^ this.


I've heard some people advocate for non-synthetic for gears specifically, but never really saw a convincing argument. My general sense is that gears aren't terribly picky compared to say your engine about the exact oil you use.
Synthetic only makes sense for gears if you live in very cold ( <0F/-18C) or very hot (>110F/43C) climate IMHO. Or if you tow heavy trailers.
 
  • Like
Reactions: kodgil58

·
Registered
Joined
·
926 Posts
Going to run Amsoil in my diffs - are you running Amsoil 5W20 engine oil?
No I use Pennzoil full synthetic because....like you said the quarts cost 14 each at my local store here in Texas and a full fill up of pennzoil oil 5w20 is like 26 dollars at walmart good stuff. Put some amsoil in your diffs it's worth it good luck finding it that's probably the hardest part I also use lubelockers in my diff covers or you can use the regular stuff.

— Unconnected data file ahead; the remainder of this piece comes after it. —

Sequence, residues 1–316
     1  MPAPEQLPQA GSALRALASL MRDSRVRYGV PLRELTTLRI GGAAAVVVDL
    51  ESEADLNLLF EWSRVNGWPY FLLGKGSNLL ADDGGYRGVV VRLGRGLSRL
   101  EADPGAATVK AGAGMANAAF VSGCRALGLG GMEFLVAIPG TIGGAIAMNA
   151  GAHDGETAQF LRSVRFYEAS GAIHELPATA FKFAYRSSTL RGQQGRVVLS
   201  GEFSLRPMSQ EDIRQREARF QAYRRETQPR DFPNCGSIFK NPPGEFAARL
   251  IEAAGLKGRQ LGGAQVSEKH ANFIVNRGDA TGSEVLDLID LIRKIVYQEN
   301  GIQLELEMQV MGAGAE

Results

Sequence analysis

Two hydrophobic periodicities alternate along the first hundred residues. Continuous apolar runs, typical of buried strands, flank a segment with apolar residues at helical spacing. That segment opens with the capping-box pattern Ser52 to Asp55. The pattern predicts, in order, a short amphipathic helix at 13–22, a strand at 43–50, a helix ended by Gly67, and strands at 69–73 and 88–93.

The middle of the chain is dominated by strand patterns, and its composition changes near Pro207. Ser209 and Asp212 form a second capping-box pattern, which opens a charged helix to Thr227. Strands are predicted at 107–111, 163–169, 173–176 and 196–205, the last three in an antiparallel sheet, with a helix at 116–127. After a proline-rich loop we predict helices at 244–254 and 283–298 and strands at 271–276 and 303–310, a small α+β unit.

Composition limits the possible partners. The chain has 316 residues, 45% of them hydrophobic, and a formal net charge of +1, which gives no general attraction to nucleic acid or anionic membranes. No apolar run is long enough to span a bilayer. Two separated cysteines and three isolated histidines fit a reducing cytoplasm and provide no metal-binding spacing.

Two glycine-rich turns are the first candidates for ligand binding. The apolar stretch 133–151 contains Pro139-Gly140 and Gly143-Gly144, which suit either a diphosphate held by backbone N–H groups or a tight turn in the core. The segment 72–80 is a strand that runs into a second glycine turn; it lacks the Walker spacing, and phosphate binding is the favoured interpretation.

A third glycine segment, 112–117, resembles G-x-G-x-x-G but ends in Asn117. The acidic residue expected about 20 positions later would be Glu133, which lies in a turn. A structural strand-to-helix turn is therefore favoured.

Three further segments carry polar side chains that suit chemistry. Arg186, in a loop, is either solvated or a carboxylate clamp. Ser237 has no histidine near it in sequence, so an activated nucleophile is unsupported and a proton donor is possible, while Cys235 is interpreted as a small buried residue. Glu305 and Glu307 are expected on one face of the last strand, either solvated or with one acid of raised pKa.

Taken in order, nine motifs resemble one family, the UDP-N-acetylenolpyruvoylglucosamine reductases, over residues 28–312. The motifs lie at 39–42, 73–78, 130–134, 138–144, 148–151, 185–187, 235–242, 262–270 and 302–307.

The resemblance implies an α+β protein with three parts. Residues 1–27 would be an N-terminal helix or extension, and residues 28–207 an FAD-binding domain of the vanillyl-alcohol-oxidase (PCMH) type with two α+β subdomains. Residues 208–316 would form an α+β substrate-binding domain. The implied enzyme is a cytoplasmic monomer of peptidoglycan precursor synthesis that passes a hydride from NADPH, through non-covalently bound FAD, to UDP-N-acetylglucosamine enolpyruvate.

·
Registered
Joined
·
363 Posts
75 or 85 140 non synthetic is all you need.

there are competition jeeps running tons of HP on 40s with bigass axles that don't even use synthetic lol. it really isn't needed or helpful.
 

·
Registered
Joined
·
240 Posts
Discussion Starter #13
You aren’t driving some type of high performance vehicle. Put brand name gear oil of your choosing in the axles.
True, guess i just get caught up in all the hype of "use this or your JKU will blow up" Long as im changing it should be better than not
 

·
Registered
Joined
·
8,924 Posts
Valvolene has a 75/140 syn gear oil ---- it was only about a buck more at Wallyworld.

But, every time I've changed my gear oil, I found chunks of gear the size of dimes. So I'd fill the pumpkins back up and take the beast to the dealer for a new LSD.

...sigh...
 
  • Like
Reactions: kodgil58

·
Registered
Joined
·
240 Posts
Discussion Starter #15
Valvolene has a 75/140 syn gear oil ---- it was only about a buck more at Wallyworld.

But, every time I've changed my gear oil, I found chunks of gear the size of dimes. So I'd fill the pumpkins back up and take the beast to the dealer for a new LSD.